The OpenDaylight SDN controller
Several well-known companies are collaborating on the foundations of future SDN products under the umbrella of the OpenDaylight open source project.
The OpenDaylight project , founded in April 2013, is a "community-led, open, industry-supported framework for accelerating adoption, fostering new innovation, reducing risk, and creating a more transparent approach to Software-Defined Networking" (SDN). OpenDaylight operates under the auspices of the Linux Foundation and has the support of major players in the networking industry: Brocade, Cisco, Juniper, and Citrix are in the front row, along with Red Hat, IBM, and Microsoft. The project aims to create a foundation on which the members will then build their SDN products. The code is mainly written in Java and Python and is licensed under the Eclipse Public License (EPL) 1.0.
The first tangible result of the collaboration is the Hydrogen release from February 2014. Hydrogen is actually a complete SDN software distribution, because OpenDaylight consists of numerous subprojects that develop individual components. Synchronized semi-annual releases are planned to ensure consistency.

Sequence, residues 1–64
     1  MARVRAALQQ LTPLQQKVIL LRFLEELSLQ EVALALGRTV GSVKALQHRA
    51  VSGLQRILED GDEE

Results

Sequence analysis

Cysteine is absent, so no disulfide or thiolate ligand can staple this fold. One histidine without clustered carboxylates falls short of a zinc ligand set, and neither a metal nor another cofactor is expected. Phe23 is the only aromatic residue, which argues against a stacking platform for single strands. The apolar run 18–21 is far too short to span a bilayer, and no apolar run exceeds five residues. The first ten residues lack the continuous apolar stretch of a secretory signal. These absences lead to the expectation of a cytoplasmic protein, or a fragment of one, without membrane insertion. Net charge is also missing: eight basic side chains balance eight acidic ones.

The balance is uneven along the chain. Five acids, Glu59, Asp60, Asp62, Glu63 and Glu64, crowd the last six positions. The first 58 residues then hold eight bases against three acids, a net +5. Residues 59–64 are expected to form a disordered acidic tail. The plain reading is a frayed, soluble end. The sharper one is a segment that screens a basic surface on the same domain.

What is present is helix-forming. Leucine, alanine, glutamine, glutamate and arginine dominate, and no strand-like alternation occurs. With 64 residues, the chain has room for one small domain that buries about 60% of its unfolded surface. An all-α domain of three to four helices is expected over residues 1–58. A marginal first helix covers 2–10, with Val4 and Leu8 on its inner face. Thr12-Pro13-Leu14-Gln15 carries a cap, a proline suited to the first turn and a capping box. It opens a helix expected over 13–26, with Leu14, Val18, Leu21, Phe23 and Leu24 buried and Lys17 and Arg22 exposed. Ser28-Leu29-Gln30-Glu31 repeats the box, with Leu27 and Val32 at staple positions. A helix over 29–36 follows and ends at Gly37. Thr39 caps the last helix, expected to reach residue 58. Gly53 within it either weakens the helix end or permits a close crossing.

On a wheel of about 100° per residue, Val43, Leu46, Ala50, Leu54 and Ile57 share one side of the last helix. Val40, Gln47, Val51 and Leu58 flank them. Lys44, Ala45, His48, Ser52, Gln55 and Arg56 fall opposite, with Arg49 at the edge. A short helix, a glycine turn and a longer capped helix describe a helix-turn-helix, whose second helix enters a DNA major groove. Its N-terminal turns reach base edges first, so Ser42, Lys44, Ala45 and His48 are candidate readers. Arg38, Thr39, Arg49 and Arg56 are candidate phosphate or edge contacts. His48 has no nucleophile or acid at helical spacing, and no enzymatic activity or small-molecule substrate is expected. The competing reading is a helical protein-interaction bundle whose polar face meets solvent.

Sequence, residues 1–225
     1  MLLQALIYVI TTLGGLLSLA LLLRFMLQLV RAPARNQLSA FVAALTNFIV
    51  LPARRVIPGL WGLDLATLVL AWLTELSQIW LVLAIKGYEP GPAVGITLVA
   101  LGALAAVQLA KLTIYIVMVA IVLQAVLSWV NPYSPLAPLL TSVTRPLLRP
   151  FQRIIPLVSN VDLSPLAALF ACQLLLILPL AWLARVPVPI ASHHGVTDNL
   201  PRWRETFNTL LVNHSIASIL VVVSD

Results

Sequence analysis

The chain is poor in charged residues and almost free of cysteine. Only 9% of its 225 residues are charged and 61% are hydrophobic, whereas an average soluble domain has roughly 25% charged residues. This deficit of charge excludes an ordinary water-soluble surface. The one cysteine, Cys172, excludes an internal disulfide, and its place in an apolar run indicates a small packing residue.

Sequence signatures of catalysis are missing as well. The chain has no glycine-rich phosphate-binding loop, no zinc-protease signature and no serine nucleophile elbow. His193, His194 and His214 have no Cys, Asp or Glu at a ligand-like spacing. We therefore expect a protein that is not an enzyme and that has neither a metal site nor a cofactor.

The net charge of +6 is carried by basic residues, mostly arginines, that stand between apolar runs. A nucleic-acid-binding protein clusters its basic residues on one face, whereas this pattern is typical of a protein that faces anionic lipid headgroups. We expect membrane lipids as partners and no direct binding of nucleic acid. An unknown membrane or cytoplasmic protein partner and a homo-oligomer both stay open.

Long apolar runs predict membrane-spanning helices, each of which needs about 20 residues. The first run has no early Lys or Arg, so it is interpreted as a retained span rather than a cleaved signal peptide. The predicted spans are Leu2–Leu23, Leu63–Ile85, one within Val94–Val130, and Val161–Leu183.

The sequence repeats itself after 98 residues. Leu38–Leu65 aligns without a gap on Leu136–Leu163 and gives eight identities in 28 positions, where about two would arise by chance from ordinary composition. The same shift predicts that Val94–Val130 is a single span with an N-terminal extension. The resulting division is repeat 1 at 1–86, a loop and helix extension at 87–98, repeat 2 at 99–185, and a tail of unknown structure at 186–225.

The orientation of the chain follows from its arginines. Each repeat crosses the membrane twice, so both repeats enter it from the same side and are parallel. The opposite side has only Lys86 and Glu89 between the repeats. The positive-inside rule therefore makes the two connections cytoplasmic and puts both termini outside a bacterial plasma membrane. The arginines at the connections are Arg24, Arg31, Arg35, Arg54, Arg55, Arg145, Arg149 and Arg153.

At the core of OpenDaylight is the SDN controller. Its components share a Java Runtime and communicate with each other via function calls. Below this control layer is the southbound interface (as shown in Figure 1), where everything that is more tangible than the control plane resides.
Buy this article as PDF
MSBuild is now just another GitHub project as Redmond continues its path to the light.
Malware could pass data and commands between disconnected computers without leaving a trace on the network.
New rules emphasize collegiality in coding.
Upstart lands in the dust bin as a new era begins for Linux.
HP's annual Cyber Risk report offers a bleak look at the state of IT.
But what do the big numbers really mean?
.NET Core execution engine is the basis for cross-platform .NET implementations.
The Xnote trojan hides itself on the target system and will launch a variety of attacks on command.
Spammers go low-volume, and 90% of IE browsers are unpatched.
Adobe scrambles to release patches for vulnerable Flash Player.